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Often I'll visit a recently finished home where the kitchen has obviously been given a lot of attention but doesn't really work well for the homeowners. Sometimes this is because the kitchen designer hasn't taken the time to ask the client some simple questions: For example, will the kitchen be used by a single cook only to prepare meals? Or is the kitchen the family's social center, where parents and children gather at the end of a busy day to catch up with one another? There's no "one size fits all" when it comes to kitchens, and getting the answers to such questions is the beginning of good design. But sometimes the reason a kitchen doesn't work is because basic guidelines have been ignored. In this article, I'll share some of the most common errors I see in kitchen design - most of which I have made at one time or another. Hopefully I can help prevent you from doing the same. I'll also provide some design rules that I follow in my kitchen design work. Some deal with safety, some with appliance placement and work flow, and some with aesthetics.

Safe Cooktops & Ovens

My clients are usually concerned with aesthetics and convenience, but for me there's no issue more important than safety. According to the National Kitchen and Bath Association (NKBA), a cooktop should have at least 9 inches of open countertop on one side and 15 inches on the other (see Figure 1).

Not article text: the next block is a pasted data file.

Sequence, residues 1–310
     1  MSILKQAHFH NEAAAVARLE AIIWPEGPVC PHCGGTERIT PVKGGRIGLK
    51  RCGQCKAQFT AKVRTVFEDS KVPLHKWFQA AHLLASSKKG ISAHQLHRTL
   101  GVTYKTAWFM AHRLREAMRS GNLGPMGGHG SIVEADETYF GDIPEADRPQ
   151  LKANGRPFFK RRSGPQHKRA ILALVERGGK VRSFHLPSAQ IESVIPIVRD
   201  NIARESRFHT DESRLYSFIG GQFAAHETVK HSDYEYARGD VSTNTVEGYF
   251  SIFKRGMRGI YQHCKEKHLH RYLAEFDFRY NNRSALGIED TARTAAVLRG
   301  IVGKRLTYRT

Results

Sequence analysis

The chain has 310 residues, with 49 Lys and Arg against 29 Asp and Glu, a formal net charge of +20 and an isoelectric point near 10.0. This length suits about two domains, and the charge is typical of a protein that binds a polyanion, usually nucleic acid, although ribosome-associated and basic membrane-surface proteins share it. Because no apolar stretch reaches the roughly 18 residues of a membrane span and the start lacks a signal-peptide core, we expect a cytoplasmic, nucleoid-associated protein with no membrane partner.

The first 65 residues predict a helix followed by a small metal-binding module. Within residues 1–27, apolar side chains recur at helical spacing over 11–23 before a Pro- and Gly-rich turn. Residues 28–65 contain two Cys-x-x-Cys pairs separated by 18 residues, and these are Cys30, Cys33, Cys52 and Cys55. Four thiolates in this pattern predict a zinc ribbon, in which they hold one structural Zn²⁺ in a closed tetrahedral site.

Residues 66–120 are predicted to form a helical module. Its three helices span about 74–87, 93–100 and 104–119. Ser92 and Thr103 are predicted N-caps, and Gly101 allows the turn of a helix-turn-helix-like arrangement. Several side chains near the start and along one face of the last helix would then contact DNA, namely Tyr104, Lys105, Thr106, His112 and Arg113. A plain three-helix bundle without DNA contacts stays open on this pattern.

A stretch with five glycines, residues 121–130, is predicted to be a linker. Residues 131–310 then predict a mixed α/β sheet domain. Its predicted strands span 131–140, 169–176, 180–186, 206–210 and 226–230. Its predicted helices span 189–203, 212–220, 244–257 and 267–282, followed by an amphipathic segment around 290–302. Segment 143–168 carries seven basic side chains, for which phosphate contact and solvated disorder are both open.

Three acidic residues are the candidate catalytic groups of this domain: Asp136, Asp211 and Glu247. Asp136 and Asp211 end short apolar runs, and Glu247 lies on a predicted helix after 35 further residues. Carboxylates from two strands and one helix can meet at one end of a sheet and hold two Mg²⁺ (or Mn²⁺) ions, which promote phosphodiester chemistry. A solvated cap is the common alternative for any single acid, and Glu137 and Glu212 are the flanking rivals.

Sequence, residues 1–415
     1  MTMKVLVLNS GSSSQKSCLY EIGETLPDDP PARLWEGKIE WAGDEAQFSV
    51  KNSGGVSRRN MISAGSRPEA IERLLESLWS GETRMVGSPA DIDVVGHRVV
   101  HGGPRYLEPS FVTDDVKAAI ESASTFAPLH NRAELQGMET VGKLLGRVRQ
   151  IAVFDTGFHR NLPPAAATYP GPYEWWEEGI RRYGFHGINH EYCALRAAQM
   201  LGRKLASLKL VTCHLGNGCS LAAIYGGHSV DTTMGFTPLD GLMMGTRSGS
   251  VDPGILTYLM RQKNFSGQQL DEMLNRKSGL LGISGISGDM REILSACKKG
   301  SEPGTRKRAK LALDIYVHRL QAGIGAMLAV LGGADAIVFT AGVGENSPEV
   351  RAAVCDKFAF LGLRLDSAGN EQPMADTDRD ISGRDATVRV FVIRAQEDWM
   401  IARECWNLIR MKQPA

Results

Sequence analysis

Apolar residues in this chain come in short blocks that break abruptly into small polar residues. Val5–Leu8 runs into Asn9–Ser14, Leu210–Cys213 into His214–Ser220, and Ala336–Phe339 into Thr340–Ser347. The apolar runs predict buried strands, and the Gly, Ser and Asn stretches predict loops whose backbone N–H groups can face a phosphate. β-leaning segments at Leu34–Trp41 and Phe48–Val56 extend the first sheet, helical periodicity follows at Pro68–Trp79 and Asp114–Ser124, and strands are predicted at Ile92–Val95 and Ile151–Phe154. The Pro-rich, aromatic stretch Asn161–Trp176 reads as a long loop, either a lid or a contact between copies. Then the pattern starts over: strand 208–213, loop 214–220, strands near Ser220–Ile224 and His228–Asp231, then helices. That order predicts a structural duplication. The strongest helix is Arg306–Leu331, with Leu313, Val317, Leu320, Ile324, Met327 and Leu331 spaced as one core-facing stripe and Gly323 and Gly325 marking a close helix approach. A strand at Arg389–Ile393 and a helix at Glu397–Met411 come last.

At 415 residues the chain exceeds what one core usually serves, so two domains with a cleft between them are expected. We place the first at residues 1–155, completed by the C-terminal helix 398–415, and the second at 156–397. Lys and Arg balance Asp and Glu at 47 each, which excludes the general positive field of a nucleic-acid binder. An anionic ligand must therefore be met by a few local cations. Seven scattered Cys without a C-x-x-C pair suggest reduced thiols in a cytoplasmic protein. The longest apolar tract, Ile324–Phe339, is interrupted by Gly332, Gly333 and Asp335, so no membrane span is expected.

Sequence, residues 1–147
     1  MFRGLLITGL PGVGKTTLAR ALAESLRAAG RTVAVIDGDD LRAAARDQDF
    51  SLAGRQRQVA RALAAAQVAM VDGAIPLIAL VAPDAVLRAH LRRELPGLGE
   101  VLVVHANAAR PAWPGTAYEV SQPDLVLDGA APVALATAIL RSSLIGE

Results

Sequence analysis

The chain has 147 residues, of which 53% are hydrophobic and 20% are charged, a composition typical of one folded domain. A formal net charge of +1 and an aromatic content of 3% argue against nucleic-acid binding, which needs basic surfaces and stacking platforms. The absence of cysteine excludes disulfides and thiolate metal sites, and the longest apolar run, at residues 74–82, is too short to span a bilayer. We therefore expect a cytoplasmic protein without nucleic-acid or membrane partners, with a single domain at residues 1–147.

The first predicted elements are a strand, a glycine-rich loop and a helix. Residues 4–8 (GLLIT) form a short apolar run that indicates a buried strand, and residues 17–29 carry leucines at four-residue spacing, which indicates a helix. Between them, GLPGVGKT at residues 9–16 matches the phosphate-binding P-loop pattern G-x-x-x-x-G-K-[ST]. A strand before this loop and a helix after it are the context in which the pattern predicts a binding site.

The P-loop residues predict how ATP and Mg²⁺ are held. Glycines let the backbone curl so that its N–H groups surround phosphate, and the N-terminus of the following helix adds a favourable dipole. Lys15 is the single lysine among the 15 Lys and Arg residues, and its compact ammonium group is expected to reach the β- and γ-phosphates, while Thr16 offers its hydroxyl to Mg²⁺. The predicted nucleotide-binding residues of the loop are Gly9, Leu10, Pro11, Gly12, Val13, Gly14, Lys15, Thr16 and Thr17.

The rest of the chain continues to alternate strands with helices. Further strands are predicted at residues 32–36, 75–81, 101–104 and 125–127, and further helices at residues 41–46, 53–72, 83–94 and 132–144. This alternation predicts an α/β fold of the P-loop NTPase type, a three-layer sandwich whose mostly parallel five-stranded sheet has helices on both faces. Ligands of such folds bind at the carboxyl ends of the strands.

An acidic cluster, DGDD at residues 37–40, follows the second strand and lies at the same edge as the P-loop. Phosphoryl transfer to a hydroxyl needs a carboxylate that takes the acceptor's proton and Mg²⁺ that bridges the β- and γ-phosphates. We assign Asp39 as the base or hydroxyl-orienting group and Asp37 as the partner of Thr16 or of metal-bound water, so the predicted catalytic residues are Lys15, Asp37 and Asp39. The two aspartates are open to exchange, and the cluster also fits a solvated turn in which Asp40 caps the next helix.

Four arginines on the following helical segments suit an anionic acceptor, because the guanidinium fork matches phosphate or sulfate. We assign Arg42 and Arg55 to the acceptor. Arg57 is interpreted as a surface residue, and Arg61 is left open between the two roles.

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Always provide at least 15 inches of counter space next to a range, flush with the cooking surface. This allows the user to slide a pot off the burner without lifting. For open-ended counters, there should be 9 inches on the other side. This prevents pot handles from hanging over the counter edge. When the cooktop abuts a wall, maintain at least a 3-inch clearance, and protect the side wall with a flame-retardant material, such as ceramic tile. For safety, install the oven beyond the common traffic area, within 48 inches of a counter at least 15 inches wide. This rules out installing a cooktop or range at the open end of a run of cabinets, where pot handles might hang out over the edge, leading to spills or scalding accidents. These dimensions are minimums. More counter space would be better, but it's not always possible in smaller kitchens.